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Morning Market Roundup: 3M Down on Econ., Dupont to Cut 1,500 Jobs, Lousy Earnings Reports Fallout


Here’s what’s important in the business world this morning:

3M: 3M Co. is reducing its profit expectations for this year because of what it calls "current economic realities."

3M makes everything from Post-it notes and Scotch tape to roofing granules, coatings for LCD screens, and traffic sign coatings. The variety of its businesses and its worldwide footprint make it an economic bellwether. And CEO Inge Thulin said what it's seeing right now is a "slow-growth economy."

The St. Paul, Minn., company now expects to earn $6.27 to $6.35 per share for the year, versus its previous expectation for a profit of $6.35 to $6.50. Analysts had been expecting a profit of $6.40 per share, according to a survey by FactSet.

Revenue will be roughly flat because currency exchange rates will wipe out any increase.

Earlier this month, antitrust concerns led 3M to call off its $550 million deal to buy Avery Dennison Corp.'s office supply operations. And on Oct. 1, 3M said it would pay buy ceramic components maker Ceradyne for $847 million in cash.

For the most recent quarter, 3M's net income rose 6.7 percent to $1.16 billion, from $1.09 billion a year ago. Revenue fell slightly to $7.5 billion.

The profit of $1.65 per share matched analyst expectations, although 3M's revenue fell short of expectations for $7.63 billion.

The revenue shortfall was mostly because foreign exchange rates worked against 3M. All six of its business units reported at least small increases in sales, not counting foreign exchange or acquisitions. But revenue in U.S. dollars in some of those units declined.

Dupont: Chemical maker the DuPont Co. will cut 1,500 jobs and take other steps to increase competitiveness after a third quarter in which earnings fell sharply.

The Wilmington, Del.-based company reported net income of $10 million Tuesday, or a penny per share, compared with $452 million, or 48 cents per share, for the same period last year. Excluding one-time items, DuPont earned 44 cents per share, compared with 69 cents per share for last year's third quarter.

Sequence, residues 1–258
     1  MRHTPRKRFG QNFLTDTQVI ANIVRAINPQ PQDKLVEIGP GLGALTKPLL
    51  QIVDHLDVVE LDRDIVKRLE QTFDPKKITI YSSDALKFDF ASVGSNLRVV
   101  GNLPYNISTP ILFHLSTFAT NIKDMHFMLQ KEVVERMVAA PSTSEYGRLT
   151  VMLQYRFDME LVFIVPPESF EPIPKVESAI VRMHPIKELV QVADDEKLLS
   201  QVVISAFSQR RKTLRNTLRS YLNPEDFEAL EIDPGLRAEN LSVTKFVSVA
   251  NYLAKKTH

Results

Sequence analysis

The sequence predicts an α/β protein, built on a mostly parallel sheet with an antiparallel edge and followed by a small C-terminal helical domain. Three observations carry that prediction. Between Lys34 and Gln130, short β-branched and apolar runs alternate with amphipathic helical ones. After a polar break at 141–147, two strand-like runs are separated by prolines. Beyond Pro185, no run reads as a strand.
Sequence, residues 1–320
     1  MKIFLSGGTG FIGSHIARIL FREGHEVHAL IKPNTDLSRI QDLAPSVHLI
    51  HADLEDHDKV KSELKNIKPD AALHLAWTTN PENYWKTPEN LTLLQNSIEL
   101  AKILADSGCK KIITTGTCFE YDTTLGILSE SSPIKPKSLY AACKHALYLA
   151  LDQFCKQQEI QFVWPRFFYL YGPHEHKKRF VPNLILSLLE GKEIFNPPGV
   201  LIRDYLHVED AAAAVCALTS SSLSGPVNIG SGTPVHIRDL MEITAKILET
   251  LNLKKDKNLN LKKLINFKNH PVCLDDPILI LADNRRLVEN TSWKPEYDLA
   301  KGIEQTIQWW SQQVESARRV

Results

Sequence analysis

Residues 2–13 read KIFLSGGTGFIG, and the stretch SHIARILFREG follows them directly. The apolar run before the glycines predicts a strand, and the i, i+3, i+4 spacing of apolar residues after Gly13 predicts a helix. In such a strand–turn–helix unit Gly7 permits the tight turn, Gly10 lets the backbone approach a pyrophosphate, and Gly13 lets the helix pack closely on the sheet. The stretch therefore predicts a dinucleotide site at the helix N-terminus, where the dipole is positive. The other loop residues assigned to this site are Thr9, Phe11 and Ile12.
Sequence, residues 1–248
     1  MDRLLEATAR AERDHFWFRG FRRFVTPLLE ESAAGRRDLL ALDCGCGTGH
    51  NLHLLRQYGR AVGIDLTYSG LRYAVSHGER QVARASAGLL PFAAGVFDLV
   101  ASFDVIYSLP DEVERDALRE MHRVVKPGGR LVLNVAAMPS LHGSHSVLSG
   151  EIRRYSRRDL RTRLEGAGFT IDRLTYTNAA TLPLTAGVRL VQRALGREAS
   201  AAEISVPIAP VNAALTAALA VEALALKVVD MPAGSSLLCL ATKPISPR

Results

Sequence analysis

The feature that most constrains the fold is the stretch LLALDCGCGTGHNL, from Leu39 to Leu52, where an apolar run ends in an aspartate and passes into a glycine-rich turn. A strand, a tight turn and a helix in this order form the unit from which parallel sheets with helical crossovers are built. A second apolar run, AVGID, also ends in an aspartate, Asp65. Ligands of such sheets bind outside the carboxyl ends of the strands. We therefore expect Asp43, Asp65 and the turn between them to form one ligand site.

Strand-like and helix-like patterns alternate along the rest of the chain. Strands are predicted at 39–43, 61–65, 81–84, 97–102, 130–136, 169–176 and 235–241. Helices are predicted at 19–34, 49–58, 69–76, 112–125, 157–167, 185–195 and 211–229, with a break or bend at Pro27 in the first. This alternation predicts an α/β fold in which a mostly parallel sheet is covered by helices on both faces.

The results fell short of the average estimate of 46 cents per share, and Dupont's stock slid 4 percent in premarket trading.

Revenue totaled about $7.4 billion, down 9 percent from $8.1 billion.

U.S. Futures: Stock futures are falling, extending a sell-off from the day before, on weak corporate earnings.

Dow Jones industrial futures are down 139 points to 13,153. The broader S&P futures have given up 16.40 points to 1,413.70. Nasdaq futures are down 27 points to 2,660.75.

DuPont says it will cut 1,500 jobs as profits fell sharply this quarter and the company cut its earnings expectations for the year. Profits for UPS fell on slowing global trade and 3M Co. is reducing its profit expectations for the year due to "current economic realities."

Facebook and Netflix will post earnings after the bell Tuesday with investors in the tech sector already spooked by earnings last week from Google. Google suffered the biggest single day share sell-off since 2008 after revenue fell short.

Markets: Financial markets were on the defensive Tuesday ahead of another round of U.S. corporate earnings, including from Facebook, and amid uncertainty over the outcome of the U.S. presidential election.

The U.S. has been center stage this week as the earnings season continues and as the election looms. So far earnings have been mixed, particularly from the technology sector.

By late morning in Europe, Germany's DAX was down 0.9 percent at 7,265 while the CAC-40 in France fell 0.6 percent to 3,464. The FTSE 100 index of leading British shares was down 0.8 percent at 5,837.

Wall Street was poised for a lower opening, with Dow futures down 0.5 percent and the broader S&P 500 futures 0.7 percent lower.

Earlier in Asia, stock indexes fared slightly better. Japan's Nikkei 225 index eked out a marginal gain to close at 9,014.25 a day after the country's currency fell to a three-month low against the dollar.

The Associated Press contributed to this report.

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